From Wikipedia, the free encyclopedia
Jump to: navigation, search
Sarigan from east.jpg
Sarigan from the east
Mariana Islands - Sarigan.PNG
Location Pacific Ocean
Coordinates 16°42′N 145°47′E / 16.700°N 145.783°E / 16.700; 145.783
Archipelago Northern Mariana Islands
Area 4.5 km2 (1.7 sq mi)
Length 2.7 km (1.68 mi)
Width 2.5 km (1.55 mi)
Highest elevation 538 m (1,765 ft)
United States
Commonwealth Northern Mariana Islands
Population - uninhabited - (2010)
A biological survey party lands on Sarigan, 2010. Photo courtesy Michael Lusk.

Sarigan is an uninhabited volcanic island in the Pacific Ocean. It is part of the Northern Mariana Islands, a U.S. territory. Sarigan is located 37 kilometers (20 nmi) northeast of Anatahan island, 67 km (36 nmi) south of Guguan and 150 km (81 nmi) north of Saipan, the largest island in the Northern Marianas.


Sarigan is roughly triangular in shape, with a length of 2.7 kilometers (1.7 mi) and a width of 2.5 km (1.6 mi) and an area of 4.5 km2 (1.7 sq mi).[1] The island is the summit of Holocene era stratovolcano which rises to an altitude of 538 m (1,765 ft) above sea level at its highest peak. The volcano is topped by a caldera, 750 meters in diameter, with an ash cone and two lava domes, which produced lava flows which reached the coast. No eruptions have been recorded in the historical period, although a swarm of volcano-tectonic earthquakes took place here in the summer of 2005.

Landing on Sarigan is difficult because perpendicular cliffs surround the island. It has many ravines and valleys with dense tropical vegetation.

Approximately 12 km (6.5 nmi) south of Sarigan is the South Sarigan Seamount, a submarine volcano with several peaks, with a maximum height of approximately 184 meters below sea level. It briefly erupted in May 2010 producing a plume of water vapor approximately 12 kilometers high.


Sarigan was originally settled by the Chamorros.[2] The island was first charted by Europeans in late October 1543 by Spanish explorer Bernardo de la Torre on board of the carrack San Juan de Letrán when trying to return from Sarangani to New Spain.[3][4] In 1695, the natives were forcibly removed to Saipan, and three years later to Guam.

Following the sale of the Northern Marianas by Spain to the German Empire in 1899, Agrigan was administered as part of German New Guinea. The island was used as a penal colony from 1900-1906. The prisoners, who lived some with their families on Sarigan were mainly employed by the coconut plantations.[5] In 1909, the island was leased by the Pagan Society, a German-Japanese partnership, which continued to export copra. However, the Pagan Society fell into financial difficulties from 1912. The company also employed fowlers to hunt birds for feathers for export to Japan and Europe.[6]

During World War I, Sarigan came under the control of the Empire of Japan and was administered as the South Pacific Mandate. In the 1930s, between 10 and 20 families lived on the island.[7]

Following World War II, the island came under the control of the United States and after World War II, the residents were removed from the island. As of 1947, the island was administered as part of the Trust Territory of the Pacific Islands. Since 1978, the island has been part of the Northern Islands Municipality of the Commonwealth of the Northern Mariana Islands.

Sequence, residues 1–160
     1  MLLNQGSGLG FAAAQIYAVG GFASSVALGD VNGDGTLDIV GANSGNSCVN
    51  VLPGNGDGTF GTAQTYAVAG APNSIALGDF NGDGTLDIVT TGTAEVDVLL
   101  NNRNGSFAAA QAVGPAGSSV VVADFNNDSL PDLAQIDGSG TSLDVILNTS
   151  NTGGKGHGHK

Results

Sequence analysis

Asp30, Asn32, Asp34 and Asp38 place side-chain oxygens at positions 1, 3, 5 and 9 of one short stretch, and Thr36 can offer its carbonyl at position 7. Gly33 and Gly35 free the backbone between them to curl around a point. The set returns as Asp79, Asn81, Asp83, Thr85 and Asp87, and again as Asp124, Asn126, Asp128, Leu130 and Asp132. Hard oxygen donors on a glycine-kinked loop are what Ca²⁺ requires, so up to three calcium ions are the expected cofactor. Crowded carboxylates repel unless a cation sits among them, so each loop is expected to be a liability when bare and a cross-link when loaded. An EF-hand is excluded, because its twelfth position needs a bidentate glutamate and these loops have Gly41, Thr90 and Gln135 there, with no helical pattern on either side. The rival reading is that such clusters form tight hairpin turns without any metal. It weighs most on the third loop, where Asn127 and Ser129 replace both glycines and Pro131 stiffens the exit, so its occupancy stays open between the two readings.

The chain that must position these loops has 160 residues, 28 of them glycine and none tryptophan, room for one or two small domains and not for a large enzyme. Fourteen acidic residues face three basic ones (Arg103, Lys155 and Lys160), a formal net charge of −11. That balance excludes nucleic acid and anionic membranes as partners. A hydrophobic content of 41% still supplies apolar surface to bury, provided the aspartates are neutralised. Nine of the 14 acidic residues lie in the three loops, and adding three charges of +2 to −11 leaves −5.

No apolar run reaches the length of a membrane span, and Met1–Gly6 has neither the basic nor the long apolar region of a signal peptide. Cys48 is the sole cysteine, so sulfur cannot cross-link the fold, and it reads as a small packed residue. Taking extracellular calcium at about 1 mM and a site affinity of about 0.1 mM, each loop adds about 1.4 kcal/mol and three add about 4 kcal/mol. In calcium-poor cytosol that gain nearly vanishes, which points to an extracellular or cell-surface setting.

Today, the island is a nature preserve, and in the mid-1990s, a project was launched to rid Sarigan of its population of feral animals; today, only a few cats remain. Sarigan has been proposed as a site for relocation of endangered birds from Guam and Saipan.

On May 28, 2010 a submarine volcano 7 mi (11 km) to the south erupted a brief cloud of steam and ash that briefly rose to 49,000 ft (15,000 m) and left a trail of pumice debris on the surface of the water. Sarigan was declared off-limits by the government of the Northern Mariana Islands after the eruption.[8]


  • Russell E. Brainard et al.: Coral reef ecosystem monitoring report of the Mariana Archipelago: 2003–2007. (=PIFSC Special Publication, SP-12-01) NOAA Fisheries, Pacific Islands Fisheries Science Center 2012 (Kapitel Alamagan (englisch, PDF, 12,2 MB)).
  • Richard B. Moore, Frank A. Trusdell: Geologic map of Alamagan Volcano, northern Mariana Islands. United States Geological Survey 1993 (Download).

External links[edit]


  1. ^ Brainard, Coral reef ecosystem monitoring report, S. 1
  2. ^ Dirk HR Speenemann: Combining Curiosity with Political Skill: The Antiquarian Interests and Cultural Politics of Georg Fritz. In: Micronesian journal of the humanities and social sciences, 2006(5), S. 495–504, hier S. 498.
  3. ^ Brand, Donald D. The Pacific Basin: A History of its Geographical Explorations New York: The American Geographical Society (New York, 1967) p.123.
  4. ^ Welsch, Bernhard (2004). "Was Marcus Island Discovered by Bernardo de la Torre in 1543?". The Journal of Pacific History. 39 (1): 118. doi:10.1080/00223340410001684886. 
  5. ^ Gerd Hardach: König Kopra. Die Marianen unter deutscher Herrschaft 1899–1914. Steiner, Stuttgart 1990, ISBN 3515057625, S. 23f, 32, 46.
  6. ^ Dirk HR Speenemann: Exploitation of bird plumages in the German Mariana Islands. In: Micronesica 1999(31) S. 309–318, hier S. 313.
  7. ^ Brainard, Coral reef ecosystem monitoring report, S. 2.
  8. ^ CNN News, 'Pacific submarine volcano issues 'big burp'", 31 May 2010 : accessed 31 May 2010